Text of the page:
2.4 Lists & Extras

Want to have a list or a horizontal rule? Here's how...

Again, it would be good to have your text editor open, then you can play with all these examples, save the file, and see what they look like in your browser and learn as you go along!

Horizontal Rules

You can see from this page alone, that I tend to make extensive use of horizontal rules like the one above and below the heading above. They just help make things look a little easier to read! All you do is use the <HR> element, (no end tag is needed). You also need to remember to use the <DIV> element that we introduced on the previous page to align these horizontal rules which can have a number of different attributes, as in the example below

<div align="left"><HR SIZE="2" WIDTH="40%" NOSHADE></div>

...and the code above simply produces a horizontal rule that looks like the below:

...that is, a horizontal rule of thickness 2 pixels, color red, width that goes 40% of the screen and use of the <div> tag makes it aligned to the left. The attributes:

  • "SIZE" defines the thickness in pixels, so can be whatever pixel size you want.
  • "WIDTH" tells the browser what length of the screen the horizontal rule should extend to, so is obviously 100% if you want the line to extend the whole width.
  • NOSHADE: forces the line to be solid instead of bevelled.

The best way to check all this out is just to experiment! Just using <HR> with no attributes, will give you a inset 3D looking bar going 100% across the page.

COLOUR: In fact, current versions of HTML do not support the colour attribute of the HR element. So how to make the line a different colour? However, it still works and for the basis of learning HTML it is plenty good enough for most people! I will talk more later about HTML standards, especially the current one.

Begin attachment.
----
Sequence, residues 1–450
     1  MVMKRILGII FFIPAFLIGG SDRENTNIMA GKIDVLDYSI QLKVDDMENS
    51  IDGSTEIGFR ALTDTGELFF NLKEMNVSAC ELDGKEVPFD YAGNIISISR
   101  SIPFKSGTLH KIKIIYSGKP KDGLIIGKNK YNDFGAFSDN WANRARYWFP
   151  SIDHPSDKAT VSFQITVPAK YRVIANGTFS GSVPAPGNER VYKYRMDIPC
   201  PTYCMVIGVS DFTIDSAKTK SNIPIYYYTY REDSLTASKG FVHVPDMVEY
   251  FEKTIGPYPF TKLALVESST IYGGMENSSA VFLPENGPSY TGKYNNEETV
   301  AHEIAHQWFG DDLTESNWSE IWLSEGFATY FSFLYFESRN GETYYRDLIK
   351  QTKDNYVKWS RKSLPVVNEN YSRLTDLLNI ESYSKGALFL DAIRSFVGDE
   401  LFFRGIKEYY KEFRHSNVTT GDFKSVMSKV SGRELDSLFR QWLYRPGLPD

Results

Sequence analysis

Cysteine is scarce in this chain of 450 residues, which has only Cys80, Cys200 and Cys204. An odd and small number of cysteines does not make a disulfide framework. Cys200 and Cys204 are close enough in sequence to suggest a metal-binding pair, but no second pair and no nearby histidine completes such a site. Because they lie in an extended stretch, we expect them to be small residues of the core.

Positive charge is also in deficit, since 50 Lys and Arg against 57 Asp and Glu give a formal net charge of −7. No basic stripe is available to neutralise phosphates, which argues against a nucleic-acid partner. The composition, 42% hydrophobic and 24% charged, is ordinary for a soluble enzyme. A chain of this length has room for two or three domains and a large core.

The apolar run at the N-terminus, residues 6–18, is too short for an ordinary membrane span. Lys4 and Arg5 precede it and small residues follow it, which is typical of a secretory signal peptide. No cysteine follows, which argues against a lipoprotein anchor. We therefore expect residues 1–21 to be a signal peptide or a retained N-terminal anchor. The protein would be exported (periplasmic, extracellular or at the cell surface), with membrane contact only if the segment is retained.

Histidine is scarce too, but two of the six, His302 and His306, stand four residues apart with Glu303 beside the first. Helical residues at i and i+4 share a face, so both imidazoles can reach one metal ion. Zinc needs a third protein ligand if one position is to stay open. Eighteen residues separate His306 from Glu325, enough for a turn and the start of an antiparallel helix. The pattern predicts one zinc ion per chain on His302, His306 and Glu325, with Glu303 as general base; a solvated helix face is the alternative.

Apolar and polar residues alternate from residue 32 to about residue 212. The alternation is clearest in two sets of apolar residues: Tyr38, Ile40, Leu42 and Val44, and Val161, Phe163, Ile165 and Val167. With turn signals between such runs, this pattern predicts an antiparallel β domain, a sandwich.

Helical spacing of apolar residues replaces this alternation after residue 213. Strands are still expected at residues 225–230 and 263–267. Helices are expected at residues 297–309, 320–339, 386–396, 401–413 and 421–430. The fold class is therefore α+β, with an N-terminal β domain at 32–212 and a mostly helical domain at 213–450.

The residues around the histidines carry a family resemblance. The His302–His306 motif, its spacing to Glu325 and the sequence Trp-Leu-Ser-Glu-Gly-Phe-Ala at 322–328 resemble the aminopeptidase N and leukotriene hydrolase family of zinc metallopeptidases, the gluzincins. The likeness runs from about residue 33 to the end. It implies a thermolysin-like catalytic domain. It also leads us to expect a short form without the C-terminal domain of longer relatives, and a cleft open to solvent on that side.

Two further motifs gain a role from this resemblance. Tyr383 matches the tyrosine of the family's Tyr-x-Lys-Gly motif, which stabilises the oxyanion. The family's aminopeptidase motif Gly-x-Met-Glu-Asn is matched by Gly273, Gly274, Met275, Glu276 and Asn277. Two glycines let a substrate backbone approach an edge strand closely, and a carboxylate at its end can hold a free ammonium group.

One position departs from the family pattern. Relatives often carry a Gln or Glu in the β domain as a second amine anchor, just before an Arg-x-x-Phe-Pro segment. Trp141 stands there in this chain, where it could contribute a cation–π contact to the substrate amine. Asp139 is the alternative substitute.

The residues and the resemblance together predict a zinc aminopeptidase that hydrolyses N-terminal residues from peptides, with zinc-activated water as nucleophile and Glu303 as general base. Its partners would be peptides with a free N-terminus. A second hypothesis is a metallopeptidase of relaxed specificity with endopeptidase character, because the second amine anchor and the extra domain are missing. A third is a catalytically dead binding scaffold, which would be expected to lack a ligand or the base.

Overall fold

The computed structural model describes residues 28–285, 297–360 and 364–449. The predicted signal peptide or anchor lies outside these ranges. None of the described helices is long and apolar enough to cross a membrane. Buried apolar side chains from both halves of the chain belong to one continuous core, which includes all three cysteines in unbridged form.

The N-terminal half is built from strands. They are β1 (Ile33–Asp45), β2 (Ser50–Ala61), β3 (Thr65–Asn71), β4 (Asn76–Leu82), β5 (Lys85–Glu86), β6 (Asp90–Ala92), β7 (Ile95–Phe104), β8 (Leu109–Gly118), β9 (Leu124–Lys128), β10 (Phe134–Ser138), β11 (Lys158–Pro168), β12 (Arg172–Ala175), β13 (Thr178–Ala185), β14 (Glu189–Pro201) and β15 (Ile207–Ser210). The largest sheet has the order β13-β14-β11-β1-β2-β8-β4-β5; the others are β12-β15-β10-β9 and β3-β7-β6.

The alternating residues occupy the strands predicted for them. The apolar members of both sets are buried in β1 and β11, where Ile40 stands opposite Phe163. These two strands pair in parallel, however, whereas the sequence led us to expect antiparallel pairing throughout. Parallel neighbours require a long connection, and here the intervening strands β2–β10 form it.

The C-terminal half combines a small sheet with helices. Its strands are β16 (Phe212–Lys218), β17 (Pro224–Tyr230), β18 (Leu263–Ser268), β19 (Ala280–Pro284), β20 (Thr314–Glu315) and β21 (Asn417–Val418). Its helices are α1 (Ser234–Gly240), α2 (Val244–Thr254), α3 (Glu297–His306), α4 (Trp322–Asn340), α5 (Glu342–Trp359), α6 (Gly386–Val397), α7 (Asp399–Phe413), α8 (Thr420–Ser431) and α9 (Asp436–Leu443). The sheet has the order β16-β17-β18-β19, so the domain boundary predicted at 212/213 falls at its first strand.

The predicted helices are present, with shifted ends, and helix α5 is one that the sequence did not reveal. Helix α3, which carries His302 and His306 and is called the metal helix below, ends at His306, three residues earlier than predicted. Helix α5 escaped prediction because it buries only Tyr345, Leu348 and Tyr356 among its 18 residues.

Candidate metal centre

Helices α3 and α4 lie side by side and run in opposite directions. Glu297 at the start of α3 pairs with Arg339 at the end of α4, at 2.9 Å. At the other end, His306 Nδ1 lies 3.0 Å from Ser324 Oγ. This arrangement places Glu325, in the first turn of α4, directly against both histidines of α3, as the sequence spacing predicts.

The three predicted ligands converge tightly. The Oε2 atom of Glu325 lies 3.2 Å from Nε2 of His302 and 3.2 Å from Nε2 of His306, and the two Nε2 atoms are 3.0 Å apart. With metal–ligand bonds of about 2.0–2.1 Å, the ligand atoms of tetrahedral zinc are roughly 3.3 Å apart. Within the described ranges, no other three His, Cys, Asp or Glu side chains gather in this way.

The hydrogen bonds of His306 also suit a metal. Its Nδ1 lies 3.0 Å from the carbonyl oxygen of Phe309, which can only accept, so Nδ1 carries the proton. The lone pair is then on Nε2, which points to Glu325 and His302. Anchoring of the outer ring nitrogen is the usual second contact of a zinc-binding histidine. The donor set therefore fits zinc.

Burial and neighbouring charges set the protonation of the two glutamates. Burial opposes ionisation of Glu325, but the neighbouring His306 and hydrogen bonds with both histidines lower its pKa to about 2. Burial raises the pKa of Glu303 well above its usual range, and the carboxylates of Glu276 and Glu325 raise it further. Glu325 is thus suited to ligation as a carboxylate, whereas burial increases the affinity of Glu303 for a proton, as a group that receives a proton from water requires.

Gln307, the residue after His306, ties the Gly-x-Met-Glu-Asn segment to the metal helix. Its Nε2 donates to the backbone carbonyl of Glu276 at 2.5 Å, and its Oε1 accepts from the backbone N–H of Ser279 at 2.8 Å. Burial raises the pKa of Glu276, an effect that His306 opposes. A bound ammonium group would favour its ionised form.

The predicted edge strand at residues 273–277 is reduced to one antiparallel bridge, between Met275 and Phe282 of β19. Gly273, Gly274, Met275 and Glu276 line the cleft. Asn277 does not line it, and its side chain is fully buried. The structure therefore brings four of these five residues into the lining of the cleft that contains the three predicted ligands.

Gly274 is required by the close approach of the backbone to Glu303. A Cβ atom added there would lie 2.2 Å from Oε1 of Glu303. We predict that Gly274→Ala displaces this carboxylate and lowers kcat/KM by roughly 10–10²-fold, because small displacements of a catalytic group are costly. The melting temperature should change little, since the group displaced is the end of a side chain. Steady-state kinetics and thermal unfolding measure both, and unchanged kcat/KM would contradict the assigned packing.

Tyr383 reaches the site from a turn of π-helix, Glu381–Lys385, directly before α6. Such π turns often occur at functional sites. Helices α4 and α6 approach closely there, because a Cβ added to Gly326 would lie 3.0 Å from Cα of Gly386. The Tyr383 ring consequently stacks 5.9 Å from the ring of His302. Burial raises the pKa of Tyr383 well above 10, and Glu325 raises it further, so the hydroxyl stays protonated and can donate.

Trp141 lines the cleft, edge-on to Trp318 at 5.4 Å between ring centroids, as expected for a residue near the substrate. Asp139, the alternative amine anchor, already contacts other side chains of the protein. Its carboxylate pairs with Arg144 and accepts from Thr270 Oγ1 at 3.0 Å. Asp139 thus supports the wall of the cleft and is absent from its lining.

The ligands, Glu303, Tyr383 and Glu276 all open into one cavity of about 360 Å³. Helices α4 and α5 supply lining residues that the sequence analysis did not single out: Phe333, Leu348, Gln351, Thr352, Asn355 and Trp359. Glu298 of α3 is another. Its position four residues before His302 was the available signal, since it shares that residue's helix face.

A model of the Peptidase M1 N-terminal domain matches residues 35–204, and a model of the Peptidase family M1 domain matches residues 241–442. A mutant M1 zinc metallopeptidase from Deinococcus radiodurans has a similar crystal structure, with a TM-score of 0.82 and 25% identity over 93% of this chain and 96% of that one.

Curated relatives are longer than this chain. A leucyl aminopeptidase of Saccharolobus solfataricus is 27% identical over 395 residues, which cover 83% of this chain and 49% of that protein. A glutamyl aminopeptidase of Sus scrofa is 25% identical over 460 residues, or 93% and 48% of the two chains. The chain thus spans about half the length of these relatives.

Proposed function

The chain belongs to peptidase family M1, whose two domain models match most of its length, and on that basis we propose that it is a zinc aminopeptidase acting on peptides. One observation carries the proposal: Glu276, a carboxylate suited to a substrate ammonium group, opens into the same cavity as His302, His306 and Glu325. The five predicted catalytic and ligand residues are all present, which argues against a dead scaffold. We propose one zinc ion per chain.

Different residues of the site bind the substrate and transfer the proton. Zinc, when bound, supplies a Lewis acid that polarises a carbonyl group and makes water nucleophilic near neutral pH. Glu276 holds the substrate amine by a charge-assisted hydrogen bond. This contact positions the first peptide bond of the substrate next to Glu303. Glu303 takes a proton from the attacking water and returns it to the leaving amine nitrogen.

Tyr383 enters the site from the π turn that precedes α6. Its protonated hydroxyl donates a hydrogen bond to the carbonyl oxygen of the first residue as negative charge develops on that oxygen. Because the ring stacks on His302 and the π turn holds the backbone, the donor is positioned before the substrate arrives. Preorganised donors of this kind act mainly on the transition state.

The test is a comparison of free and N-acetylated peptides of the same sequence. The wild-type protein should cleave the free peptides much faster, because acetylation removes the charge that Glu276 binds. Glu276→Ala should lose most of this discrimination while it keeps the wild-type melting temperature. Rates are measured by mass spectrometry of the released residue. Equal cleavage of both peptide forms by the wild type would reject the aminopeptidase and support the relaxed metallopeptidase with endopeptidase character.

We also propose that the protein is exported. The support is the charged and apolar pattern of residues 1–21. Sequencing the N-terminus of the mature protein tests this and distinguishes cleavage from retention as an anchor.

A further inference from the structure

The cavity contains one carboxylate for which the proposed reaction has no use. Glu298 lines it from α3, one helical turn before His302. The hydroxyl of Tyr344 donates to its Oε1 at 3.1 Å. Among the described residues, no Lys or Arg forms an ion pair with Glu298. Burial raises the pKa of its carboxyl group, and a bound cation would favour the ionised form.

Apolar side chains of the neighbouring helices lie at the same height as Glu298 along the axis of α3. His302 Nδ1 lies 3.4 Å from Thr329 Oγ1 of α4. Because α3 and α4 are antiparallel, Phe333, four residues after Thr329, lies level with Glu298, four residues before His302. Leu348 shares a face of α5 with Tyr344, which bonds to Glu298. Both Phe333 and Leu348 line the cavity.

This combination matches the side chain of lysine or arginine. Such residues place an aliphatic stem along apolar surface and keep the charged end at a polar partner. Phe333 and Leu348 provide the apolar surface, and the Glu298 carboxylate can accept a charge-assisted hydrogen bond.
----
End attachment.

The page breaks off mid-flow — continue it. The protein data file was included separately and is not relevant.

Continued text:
NOTE: You can also use a graphics file as a horizontal rule (really called a border). This is how I have done the ones with the blinking eyes that I have used above the copyright information text at the bottom of this page. To do this, you need to learn about "inlining images" which I will show you in the next section! This is exactly the same situation if you want to include more unusual types of text - you have to use an image.


HTML supports 3 types of list and again we use the <div> element to align them:

1) Unordered List: uses the tags: <UL> and </UL>, and will give you a bulleted list of a type you can specify. For instance, the code:

<div align="left">
<UL TYPE="circle">
<LI> First item
<LI> Second item
<LI> Third item

Will give you a list that looks like:

  • First item
  • Second item
  • Third item

And the variable for the attribute TYPE="....", can be used to specify the type of bullets you want. This can either be TYPE="square" for square-looking bullets; TYPE="sphere" which are the black blob ones that are mostly used on this page (and is default anyway, so don't bother to code for it unless you have to!) and TYPE="circle", which gives you outline circles like those shown in the example above.

2) Ordered List: uses the tags: <OL> and </OL>, and will give you a numbered list. For instance, the code:

<div align="left">
<OL TYPE="i">
<LI> First item
<LI> Second item
<LI> Third item

Will give you:

  1. First item
  2. Second item
  3. Third item

And again, you can use the TYPE="...." attribute to specify the type of numbering system. You can set this to TYPE="1" (the default), TYPE="i" (for i, ii, iii, iv, etc), TYPE="a" (for a, b, c, etc) and TYPE="i" for roman numerals.

3) Definition List: uses the tags <DL> and </DL>, and gives you a list like the below:

<div align="left">
<DT> First thing
<DD> Its definition
<DT> Second thing
<DT> Its definition

Will give you:

First thing
Its definition
Second thing
Its definition

4) Nested Lists: are lists within lists, the example I use below is of an unordered list nested within an ordered list (obviously you can use the attributes I have detailed earlier, relevant to the type of lists you are nesting:

<div align="left">
<LI> First thing
<LI> Second thing
<LI> First bulleted nested thing
<LI> Second bulleted nested thing
<LI> Third thing
<LI> Fourth thing

Will give you:

  1. First thing
  2. Second thing
    • First bulleted nested thing
    • Second bulleted nested thing
  3. Third thing
  4. Fourth thing

NEXT: So how do you get images on your page?

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